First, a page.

When we have the government coming forward with legislation, when the Liberals talk about the importance of science-based decision-making and of statistics, it is important to pose this question. Why are they not listening to the clear evidence when it comes to pipeline approval? Why are they not listening to that evidence?
I can give another example, and this is probably the clearest example of the government's disregard for good statistical methods. That was the Liberals' approach on the issue of changes to the electoral system. There was a process in place whereby a parliamentary committee representing all members of Parliament came back with some good recommendations about how the government could proceed with the implementation of something that was actually an election commitment. That reflected the fact that many Canadians had input into the committee process. Generally speaking, parliamentary committees only hear from experts. I do not think the committee did any sort of explicitly quantitative work, but it did a great deal of qualitative work gathering opinions of Canadians and hearing those perspectives. It came back with a recommendation that a referendum be done with respect to possible different electoral systems.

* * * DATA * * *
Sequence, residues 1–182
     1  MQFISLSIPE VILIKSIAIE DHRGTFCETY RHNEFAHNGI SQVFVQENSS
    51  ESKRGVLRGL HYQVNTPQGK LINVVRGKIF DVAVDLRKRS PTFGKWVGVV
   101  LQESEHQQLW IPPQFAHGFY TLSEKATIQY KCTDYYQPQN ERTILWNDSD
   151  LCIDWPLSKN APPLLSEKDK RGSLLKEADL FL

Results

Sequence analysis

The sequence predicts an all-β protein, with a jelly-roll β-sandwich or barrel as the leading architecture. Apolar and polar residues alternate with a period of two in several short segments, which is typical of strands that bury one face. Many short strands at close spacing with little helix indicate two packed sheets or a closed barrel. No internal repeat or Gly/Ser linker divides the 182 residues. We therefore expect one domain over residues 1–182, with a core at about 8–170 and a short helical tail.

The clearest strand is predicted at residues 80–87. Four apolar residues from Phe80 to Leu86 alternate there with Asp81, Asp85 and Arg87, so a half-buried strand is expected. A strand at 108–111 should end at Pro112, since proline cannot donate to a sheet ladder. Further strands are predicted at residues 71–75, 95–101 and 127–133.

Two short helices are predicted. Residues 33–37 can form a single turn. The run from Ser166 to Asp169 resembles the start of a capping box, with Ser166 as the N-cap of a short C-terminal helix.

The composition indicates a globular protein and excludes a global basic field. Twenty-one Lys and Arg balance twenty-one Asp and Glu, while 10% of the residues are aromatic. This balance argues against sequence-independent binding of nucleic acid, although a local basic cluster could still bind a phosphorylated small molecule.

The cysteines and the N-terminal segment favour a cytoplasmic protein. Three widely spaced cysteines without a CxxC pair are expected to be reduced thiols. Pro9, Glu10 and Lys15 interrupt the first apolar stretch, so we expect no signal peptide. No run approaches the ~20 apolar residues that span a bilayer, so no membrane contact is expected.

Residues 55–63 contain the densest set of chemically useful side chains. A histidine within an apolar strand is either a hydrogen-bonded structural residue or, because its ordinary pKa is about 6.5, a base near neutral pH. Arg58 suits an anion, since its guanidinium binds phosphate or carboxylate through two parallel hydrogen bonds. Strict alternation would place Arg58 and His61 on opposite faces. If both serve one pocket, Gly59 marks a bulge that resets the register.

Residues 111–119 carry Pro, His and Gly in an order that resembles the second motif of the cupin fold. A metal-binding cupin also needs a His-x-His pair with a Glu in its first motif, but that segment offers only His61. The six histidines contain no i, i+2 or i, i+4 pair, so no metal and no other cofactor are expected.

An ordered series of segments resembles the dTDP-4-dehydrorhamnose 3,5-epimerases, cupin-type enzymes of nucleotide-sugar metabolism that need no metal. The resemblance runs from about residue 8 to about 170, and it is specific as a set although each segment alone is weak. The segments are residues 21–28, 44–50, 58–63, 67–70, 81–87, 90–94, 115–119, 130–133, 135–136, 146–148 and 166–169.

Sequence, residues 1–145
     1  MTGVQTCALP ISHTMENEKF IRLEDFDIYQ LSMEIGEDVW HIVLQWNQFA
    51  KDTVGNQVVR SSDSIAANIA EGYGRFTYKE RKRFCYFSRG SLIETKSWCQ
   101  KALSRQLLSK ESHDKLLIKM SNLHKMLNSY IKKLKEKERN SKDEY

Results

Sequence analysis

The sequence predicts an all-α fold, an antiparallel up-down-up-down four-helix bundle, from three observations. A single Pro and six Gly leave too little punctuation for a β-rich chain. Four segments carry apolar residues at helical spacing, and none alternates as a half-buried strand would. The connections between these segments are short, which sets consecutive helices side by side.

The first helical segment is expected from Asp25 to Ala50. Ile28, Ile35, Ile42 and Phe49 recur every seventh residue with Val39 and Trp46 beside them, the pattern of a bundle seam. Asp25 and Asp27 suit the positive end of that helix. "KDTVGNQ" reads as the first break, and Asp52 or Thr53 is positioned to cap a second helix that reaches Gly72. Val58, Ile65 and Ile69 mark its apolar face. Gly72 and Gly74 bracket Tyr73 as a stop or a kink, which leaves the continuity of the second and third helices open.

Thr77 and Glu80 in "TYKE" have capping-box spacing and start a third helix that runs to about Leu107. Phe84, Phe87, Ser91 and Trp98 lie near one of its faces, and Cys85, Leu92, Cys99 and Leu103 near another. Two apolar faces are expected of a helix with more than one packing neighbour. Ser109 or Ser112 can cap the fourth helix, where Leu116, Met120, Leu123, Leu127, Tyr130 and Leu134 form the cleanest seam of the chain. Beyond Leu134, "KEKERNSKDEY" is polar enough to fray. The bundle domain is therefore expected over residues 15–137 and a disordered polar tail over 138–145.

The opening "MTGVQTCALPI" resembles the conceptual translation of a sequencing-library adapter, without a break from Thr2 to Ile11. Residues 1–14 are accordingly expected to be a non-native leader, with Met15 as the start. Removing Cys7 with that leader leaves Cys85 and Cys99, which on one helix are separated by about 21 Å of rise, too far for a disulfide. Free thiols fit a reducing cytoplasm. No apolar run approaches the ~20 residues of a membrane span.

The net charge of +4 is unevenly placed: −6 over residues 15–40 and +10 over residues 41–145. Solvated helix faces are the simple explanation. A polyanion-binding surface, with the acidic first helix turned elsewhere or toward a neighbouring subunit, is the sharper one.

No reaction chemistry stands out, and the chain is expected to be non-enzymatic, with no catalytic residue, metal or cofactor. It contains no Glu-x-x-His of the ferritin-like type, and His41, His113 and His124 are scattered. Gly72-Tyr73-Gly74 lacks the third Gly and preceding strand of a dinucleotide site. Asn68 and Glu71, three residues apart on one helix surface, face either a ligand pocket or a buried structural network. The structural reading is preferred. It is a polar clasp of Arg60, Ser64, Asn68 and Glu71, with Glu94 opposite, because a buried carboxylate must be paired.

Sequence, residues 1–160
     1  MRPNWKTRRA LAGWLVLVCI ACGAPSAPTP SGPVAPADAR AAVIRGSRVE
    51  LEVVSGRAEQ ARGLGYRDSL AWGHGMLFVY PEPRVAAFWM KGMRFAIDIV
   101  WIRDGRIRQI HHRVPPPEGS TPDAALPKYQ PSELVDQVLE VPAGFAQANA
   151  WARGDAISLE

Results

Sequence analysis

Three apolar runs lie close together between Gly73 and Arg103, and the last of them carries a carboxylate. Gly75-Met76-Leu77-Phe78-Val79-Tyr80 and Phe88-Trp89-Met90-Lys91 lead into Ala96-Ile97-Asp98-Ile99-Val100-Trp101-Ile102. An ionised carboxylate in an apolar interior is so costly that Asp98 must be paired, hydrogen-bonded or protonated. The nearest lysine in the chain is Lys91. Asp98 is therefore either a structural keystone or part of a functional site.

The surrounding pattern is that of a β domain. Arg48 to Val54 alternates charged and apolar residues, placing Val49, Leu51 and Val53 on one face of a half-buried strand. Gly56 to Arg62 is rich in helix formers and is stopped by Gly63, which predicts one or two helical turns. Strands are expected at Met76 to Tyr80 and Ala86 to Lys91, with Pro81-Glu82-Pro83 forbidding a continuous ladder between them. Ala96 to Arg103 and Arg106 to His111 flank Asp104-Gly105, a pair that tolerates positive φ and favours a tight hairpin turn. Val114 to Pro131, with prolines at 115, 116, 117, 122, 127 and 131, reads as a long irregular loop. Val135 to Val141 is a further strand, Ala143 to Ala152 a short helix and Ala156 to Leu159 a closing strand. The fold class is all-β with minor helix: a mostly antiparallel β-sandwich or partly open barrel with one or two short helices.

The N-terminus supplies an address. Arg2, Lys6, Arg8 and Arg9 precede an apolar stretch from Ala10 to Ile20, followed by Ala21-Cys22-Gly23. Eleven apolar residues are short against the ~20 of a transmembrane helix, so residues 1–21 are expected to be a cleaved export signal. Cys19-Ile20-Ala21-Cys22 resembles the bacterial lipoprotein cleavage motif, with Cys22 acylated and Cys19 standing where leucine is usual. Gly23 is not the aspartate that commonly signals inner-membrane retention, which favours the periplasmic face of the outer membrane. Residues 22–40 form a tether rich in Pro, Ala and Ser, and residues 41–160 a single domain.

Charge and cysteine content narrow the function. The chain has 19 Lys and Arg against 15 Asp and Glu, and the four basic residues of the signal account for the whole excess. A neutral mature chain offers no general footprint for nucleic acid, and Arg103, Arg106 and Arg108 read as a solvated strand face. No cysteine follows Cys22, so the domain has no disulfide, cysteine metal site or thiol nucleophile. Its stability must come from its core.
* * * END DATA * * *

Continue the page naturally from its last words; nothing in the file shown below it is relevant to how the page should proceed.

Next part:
After that, because the government members did not like the result of what was a good process for engaging and consulting Canadians, they decided to come up with their own process, which was obviously from a statistical perspective highly suspect. It was to have an online consultation that gets people's feelings about things that might have some kind of approximate relationship to questions around electoral systems, but not actually ask the direct obvious questions. We could not ask people if they favour a system that is more proportionate or less proportionate, has certain kinds of possible outcomes, etc. It was generally about feelings and sentiment-based calculations, and through that process, the government decided it would not proceed with it.